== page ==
# Total area enclosed between ln(x) and sin^2(2x)-cos(3x)+1

I understand the theory behind this type of question well enough; you solve ln(x)=sin^2(2x)-cos(3x)+1 to find the x values at the points of intersection, and then set up definite integrals over the domains of said x-values, subtracting whichever function is below the other for a specific domain.

However, when doing this particular question I realised I needed to add 10 definite integrals together to obtain the total area, which seems rather excessive to me. So I was just wondering if there's a faster way of doing this question? Thank you for your help. (And in case you're wondering the answer should be 9.7435)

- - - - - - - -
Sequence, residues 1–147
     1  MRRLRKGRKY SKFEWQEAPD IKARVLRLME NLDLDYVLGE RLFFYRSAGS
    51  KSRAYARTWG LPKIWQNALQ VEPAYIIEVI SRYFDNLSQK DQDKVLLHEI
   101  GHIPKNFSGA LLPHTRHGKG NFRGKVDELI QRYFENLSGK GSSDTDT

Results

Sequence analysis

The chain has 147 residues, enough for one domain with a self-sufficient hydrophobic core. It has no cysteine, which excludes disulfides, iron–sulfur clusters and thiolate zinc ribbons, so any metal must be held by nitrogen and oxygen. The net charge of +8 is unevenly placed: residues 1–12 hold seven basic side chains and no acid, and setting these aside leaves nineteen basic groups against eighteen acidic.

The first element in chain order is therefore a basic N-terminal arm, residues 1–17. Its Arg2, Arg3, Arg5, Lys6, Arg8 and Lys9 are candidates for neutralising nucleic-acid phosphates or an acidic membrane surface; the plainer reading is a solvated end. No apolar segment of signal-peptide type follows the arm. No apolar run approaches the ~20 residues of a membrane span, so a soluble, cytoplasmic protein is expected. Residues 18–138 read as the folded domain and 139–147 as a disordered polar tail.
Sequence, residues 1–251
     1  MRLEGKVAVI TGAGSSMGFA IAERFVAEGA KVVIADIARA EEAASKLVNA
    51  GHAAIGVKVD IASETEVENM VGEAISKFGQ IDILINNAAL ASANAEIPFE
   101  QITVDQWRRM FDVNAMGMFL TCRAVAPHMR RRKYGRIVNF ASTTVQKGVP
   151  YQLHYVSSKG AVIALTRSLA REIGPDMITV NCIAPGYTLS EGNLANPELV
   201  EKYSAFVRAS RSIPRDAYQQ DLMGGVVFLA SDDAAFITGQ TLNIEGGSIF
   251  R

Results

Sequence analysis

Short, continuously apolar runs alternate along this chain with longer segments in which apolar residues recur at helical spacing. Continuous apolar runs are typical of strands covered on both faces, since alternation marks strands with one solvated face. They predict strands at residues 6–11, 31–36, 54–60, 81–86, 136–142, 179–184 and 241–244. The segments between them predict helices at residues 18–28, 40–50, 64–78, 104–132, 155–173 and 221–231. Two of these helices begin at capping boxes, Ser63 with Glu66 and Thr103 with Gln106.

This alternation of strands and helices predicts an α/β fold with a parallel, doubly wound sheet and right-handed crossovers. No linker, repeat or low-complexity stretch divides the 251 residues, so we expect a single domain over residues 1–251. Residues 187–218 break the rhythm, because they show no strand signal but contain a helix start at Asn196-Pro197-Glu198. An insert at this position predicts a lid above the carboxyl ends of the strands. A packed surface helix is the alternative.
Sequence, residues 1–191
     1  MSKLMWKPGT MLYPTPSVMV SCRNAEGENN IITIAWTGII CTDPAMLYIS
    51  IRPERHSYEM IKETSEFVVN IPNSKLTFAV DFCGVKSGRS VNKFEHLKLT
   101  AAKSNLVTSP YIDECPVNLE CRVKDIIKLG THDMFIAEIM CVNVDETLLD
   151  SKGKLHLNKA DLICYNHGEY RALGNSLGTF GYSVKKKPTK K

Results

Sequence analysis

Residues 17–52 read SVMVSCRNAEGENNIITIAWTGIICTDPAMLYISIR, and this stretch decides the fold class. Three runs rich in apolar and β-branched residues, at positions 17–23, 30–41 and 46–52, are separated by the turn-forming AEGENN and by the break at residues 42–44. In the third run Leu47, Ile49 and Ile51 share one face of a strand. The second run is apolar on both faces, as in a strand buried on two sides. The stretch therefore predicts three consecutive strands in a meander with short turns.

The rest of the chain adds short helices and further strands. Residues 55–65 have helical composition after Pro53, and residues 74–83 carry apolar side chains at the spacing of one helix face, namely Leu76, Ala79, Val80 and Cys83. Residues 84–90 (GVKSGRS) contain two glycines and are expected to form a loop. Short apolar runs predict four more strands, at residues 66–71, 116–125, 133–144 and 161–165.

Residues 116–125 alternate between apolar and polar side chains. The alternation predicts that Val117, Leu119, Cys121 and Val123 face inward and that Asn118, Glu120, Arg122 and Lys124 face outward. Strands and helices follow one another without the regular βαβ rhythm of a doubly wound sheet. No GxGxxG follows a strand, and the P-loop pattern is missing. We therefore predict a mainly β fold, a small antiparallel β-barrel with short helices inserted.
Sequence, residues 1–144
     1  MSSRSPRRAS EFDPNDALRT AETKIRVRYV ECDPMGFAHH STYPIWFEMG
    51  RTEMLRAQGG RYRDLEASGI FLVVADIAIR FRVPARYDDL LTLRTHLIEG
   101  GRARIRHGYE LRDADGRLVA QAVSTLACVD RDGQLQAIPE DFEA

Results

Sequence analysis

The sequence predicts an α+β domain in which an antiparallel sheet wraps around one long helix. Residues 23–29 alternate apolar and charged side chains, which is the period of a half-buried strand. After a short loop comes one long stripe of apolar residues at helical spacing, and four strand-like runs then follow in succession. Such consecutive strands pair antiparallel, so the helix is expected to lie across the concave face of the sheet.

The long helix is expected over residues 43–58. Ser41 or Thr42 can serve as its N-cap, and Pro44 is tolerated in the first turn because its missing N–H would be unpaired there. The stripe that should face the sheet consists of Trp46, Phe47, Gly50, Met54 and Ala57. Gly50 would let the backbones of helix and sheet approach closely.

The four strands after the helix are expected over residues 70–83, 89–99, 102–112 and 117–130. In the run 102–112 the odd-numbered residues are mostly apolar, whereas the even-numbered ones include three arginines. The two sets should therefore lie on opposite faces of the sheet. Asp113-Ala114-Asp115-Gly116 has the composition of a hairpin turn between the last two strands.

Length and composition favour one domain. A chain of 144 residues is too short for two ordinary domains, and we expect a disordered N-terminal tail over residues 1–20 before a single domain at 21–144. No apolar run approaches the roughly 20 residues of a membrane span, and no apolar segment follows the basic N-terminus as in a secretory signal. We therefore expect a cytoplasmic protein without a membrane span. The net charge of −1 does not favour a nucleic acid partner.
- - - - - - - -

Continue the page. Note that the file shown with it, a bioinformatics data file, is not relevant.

mfb
Mentor
Where does that problem come from? The equation doesn't even have an analytic solution, so it has to be ugly numeric integration, and I don't see the point of choosing functions that intersect so often.

Where does that problem come from? The equation doesn't even have an analytic solution, so it has to be ugly numeric integration, and I don't see the point of choosing functions that intersect so often.

It was off an old work sheet from a couple of decades back that I got given as revision because I finished everything else early. I don't have the sheet anymore but I had this question written down because I found it particularly odd. The graphs intersect 11 times which is more than usual but still not too bad. I'm just curious though if there's a faster way to get the answer than setting up 10 definite integrals

mfb
Mentor
Nothing that would really help, as you have to take care of the signs in some way.

Nothing that would really help, as you have to take care of the signs in some way.
Okay, thank you for the help